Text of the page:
But rather than throwing out the baby with the bathwater, there are a few things we need to bear in mind, when we consider social media. One of them is that it is here to stay. We would be very foolish to bury our heads in the sand and simply wish for it to go away. This is the world our young people are growing up in and we need to learn how to harness these new technologies for good, rather than trying to reverse the clock. This is the new reality for the vast majority of people in the western world. There are currently 3.2 billion internet users in the world. That is getting on for half of the world’s population. Mind-blowing! What potential – for good as well as for harm! We are not doing our children any favours if we simply try to shield them from it and live as if it doesn’t exist. On the other hand we do need to train them how to use it constructively, to be aware of its pitfalls and know how to handle them, and to become salt and light in in this very visible if virtual medium, just as we would wish to be salt and light in the workplace, the classroom and out on the street. We need to recognise our tendency to engage more easily in virtual relationships and virtual lives rather than in real ones, and to realise that ultimately they will be far less fulfilling.  We also need to be wary of the internet’s tendency to paint pictures of perfect lives, perfect relationships, friendships and marriage, to present us with an image of life, marriage, parenting, or friendships, which is highly desirable and yet unrelated to reality. We need to point this out and realise that it tends to make us dissatisfied with what we have and makes us covet something which isn’t really real. In order to stay balanced in the real relationships we have with our spouses, our children, our fellow believers, and our colleagues, we need to make sure that we are balancing our intake of the internet with a regular, focused look at God’s Word, allowing His Word to shape our picture of life, rather than cute Instagram photos and inspiring man-centred quotes. We need to make sure that we are daily practising the attitude of gratitude for each of God’s blessings. In order to do that we need to make a conscious decision to take time away from our phones, to give ourselves enough space for real time relationships and deliberately put our phone, laptop, and iPad aside for long enough to be able to really focus in on the reality which surrounds us. We need to be intentional about creating spaces where our phones and other screens will not follow and will not invade. In this, as in so many other things, we need to learn wisdom and balance in order to use the internet in ways, which are honouring to God and edifying to other people, and enhancing rather than deforming our all-important relationships. Above all, we need balance – neither turning a blind eye to the dangers of the internet, nor making ourselves obsolete and irrelevant to the younger generations by rejecting it wholesale. We need to be informed. And we need to educate ourselves for that to happen. Let’s ask our kids to teach us what they know. Because they already know far more than we realise.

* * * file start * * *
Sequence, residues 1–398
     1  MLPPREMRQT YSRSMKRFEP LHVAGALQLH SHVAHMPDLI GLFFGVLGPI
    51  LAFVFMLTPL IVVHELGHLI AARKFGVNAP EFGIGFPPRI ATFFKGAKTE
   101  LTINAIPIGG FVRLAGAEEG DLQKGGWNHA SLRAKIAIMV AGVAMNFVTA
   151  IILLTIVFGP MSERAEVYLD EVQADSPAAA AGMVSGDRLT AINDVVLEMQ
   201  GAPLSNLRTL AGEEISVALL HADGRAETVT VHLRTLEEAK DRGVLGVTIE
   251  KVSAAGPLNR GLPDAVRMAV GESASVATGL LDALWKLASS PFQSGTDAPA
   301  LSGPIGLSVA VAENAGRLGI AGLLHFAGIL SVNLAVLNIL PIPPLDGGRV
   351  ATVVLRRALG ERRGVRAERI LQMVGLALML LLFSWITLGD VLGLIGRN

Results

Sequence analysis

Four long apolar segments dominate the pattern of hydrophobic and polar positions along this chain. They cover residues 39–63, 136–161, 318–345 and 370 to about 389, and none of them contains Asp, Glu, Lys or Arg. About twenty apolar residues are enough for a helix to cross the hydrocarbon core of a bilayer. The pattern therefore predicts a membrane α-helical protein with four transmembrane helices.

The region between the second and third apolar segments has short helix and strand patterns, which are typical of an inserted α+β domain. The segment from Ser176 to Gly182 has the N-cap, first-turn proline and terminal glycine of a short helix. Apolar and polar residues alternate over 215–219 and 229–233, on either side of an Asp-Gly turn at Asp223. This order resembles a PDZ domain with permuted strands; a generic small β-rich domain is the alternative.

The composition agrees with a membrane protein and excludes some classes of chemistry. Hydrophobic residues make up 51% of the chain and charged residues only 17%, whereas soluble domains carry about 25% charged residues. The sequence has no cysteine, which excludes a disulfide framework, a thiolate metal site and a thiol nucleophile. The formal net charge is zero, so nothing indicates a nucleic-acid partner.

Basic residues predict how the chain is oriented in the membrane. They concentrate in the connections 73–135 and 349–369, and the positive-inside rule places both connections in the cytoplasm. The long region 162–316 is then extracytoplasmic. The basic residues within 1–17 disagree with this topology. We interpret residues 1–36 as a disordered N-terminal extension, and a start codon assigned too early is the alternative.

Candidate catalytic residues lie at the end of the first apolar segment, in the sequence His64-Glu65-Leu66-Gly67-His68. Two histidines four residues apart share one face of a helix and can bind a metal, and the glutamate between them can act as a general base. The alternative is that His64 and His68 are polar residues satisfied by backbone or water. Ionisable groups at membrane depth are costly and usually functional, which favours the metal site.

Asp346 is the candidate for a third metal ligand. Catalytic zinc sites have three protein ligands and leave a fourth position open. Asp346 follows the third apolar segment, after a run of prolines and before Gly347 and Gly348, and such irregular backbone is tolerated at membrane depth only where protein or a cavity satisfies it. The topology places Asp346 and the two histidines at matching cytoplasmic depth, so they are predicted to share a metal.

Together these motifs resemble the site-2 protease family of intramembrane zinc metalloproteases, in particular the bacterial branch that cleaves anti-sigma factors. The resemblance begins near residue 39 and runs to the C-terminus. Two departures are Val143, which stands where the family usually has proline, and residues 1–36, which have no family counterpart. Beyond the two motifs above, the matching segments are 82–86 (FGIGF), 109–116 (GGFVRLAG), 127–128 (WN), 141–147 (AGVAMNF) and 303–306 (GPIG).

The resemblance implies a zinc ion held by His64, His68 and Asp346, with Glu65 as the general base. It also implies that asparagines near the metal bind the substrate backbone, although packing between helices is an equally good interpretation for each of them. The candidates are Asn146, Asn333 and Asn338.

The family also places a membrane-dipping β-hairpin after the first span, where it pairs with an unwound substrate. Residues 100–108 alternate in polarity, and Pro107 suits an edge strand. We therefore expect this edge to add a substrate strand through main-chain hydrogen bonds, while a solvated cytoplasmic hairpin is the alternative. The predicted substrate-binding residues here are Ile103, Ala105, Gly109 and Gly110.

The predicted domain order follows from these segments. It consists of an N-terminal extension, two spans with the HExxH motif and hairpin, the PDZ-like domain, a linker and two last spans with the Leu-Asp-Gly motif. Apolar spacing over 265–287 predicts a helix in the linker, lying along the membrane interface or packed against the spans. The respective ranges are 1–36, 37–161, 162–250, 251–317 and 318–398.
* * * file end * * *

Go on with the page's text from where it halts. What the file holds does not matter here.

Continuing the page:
To end on a lighthearted note here is a poem I wrote about seven years ago in honour of the Worldwide Web.


Confessions of a Netaholic (or Ode to the Internet –how odious)

I hate the internet

So aptly named

As it draws me into its net

But I am to blame

As I watch each frame.

This is not a game,

Please pull the plug

On this visual drug.

Don’t let it suck

My life from me again.

The clock is ticking

But I’m still sticking

To fruitless browsing

Till my head is pounding.

It’s time for lunch

And we’re a hungry bunch

But I have a hunch

I’ll have no time to cook

Or read a good book

Cause the net has its hook

In me.

Turn it off and walk away.

If it’s a game you want to play:

Life is real and here and now

And far outstrips the virtual tricks

Of the internet show.

What draws you in

To the internet bin?

On-line friends,

Shopping, recipes, loose-ends

Or sterner stuff?

We’ve said enough. 

It’s simply time to make amends.

Stop your googling and your goggling

The time you’ve lost is mind-boggling.

Turn it off and walk away

Choose the game of life today

It’s Spring – go for a nice long walk!